Lynn University breaks ground on the Bobby Campbell Stadium
Published Feb. 13, 2013
Lynn University officially broke ground on the Bobby Campbell Stadium today (Feb. 13) on the site of the future structure adjacent to the existing intramural field on campus.
“This incredible facility is a welcome addition to our stellar athletics program, and it will also allow Lynn to introduce men’s lacrosse to our roster of sports,” Lynn President Kevin M. Ross said. “It will also be the new home of Lynn’s eight-time national championship soccer teams, our most recent national championship title won by our men’s soccer team this past season.”
Donors and Fundraising
Many of the donors who made this project a reality were on hand to participate in the traditional golden shovel ceremony including Robert (“Bobby”) Campbell, the lead donor, who provided $1.2 million and long time and generous donors Mary and Harold Perper (who also named the Perper Plaza, Perper Mailroom and Perper Tennis Complex) who contributed $750,000 to name the stadium’s grandstand.
An anonymous donor gave $1 million toward the naming of Malfitano Field in honor of Senior Vice President Gregory Malfitano; a special gift was made up of contributions in memory of Kyle Conrad, the star soccer player who died in 2010; and the other donors who contributed are Chris Dillon, David and Barbara Gerrits, Larry and Elaine Smith, Jack and Noreen Gaston, George and Keri Kolettis and Ashlie Thomas.
“We set a goal of raising $3.5 million toward the construction of the stadium, and I am thrilled to announce that to date, we have $3,157,000 paid and pledged,” said Ross. “Thank you so much to all of our donors. This stadium would not be possible without your support.”
The ceremony also included remarks by lead donor Bobby Campbell and Matt DiCerbo, captain and goalkeeper of the men’s soccer team.
Though Campbell says he has played a lot of sports in his life, he never played soccer and though he didn’t go to college, he dubbed Lynn his “alma mater” and “is so honored to give this gift to help build this stadium.”
Having received his undergraduate degree from Lynn and about to finish up his master’s, Matt DiCerbo, goalkeeper and captain of the national championship team, said “these have been the best years of my life and for student-athletes this is a dream come true.” He did admit he’s a bit jealous of the future players who will be playing in the new stadium. “As a matter of fact,” he joked, “I’m looking for some loopholes to secure my eligibility.” He also thanked his mom, Diane DiCerbo, math professor and director of academic advising at Lynn, who helped spearhead raising the money for the Kyle Conrad locker room.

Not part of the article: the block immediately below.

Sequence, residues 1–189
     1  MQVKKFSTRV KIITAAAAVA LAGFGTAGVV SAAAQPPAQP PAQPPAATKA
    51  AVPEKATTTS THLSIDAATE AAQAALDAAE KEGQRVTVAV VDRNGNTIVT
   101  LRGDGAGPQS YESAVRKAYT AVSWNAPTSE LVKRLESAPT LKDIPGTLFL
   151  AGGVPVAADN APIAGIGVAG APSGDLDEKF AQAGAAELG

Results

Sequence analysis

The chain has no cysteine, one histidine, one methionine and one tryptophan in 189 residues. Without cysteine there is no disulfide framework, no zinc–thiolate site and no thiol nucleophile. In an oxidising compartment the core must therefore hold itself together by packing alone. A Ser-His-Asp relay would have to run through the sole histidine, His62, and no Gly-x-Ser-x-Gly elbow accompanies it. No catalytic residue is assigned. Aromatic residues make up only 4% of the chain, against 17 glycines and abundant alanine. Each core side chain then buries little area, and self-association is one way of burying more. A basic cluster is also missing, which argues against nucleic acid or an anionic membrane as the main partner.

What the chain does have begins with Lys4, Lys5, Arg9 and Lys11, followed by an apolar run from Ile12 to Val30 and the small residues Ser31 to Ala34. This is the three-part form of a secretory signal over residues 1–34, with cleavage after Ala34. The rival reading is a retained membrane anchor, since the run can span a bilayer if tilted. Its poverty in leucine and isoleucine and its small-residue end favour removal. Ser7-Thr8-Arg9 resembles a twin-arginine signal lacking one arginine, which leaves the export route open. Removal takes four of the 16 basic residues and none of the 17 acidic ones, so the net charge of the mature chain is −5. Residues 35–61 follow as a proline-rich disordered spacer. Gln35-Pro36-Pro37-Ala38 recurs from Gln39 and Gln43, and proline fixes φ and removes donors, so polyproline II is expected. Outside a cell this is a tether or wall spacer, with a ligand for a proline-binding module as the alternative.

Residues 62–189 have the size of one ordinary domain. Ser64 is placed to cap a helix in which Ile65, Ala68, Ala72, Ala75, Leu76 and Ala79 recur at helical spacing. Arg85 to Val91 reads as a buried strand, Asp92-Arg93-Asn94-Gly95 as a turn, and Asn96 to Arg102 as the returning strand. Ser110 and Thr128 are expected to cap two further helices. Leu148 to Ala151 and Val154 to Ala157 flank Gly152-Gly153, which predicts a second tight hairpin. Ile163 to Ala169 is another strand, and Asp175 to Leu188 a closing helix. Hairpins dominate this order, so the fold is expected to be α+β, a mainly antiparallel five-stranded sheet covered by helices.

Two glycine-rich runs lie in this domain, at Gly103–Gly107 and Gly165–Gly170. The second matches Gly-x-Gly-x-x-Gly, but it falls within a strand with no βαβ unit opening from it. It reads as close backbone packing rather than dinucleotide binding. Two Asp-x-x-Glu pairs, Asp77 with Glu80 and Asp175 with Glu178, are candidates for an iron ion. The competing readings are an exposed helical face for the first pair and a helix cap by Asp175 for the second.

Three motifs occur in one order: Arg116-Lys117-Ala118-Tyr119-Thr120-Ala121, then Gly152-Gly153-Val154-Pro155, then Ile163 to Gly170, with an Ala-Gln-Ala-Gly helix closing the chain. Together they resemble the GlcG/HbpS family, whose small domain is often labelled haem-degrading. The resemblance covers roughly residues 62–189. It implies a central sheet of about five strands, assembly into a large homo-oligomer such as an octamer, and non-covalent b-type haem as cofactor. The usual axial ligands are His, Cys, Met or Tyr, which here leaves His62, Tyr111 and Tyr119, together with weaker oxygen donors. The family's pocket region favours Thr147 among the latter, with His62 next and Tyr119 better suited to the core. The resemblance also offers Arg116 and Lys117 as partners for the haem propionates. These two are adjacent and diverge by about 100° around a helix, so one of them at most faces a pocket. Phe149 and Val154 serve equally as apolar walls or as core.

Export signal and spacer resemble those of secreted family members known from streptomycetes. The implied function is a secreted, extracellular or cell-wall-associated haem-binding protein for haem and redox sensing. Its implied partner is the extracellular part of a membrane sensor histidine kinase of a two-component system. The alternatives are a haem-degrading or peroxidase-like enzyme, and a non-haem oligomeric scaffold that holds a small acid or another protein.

After the traditional groundbreaking shovel ceremony, guests were treated to a unique exhibition of defensive prowess by the two guest goalkeepers: President Ross and Senior Vice President for Administration Malfitano, who donned soccer jerseys and gloves and fielded balls from members of each of the men’s and women’s soccer teams. Malfitano is no stranger to Lynn’s soccer turf as he was a member of Lynn’s soccer team from 1971 – 1973.
Construction of the stadium, a lighted facility to include covered stands with a plaza area and seating for 500 spectators designed by the Gensler architectural firm, will begin in April 2013 and is scheduled to be completed by January 2014, in time for Lynn’s inaugural lacrosse season.
“The design aims to create a refreshing alternative to the typical collegiate stadium,” said Cliff Bollmann, a senior associate with Gensler. “We want to create a variety of different places for people to enjoy their time at the field.”
While concluding his remarks, Ross pointed out that last year the men’s soccer team soccer lost the national championship in a heartbreaking double overtime. “Their win this year is a storybook ending,” he said. “And what better way to celebrate our university’s 50th anniversary than with such a milestone championship title.” And he said they will just have to “do it again” once the Bobby Campbell Stadium becomes their new home.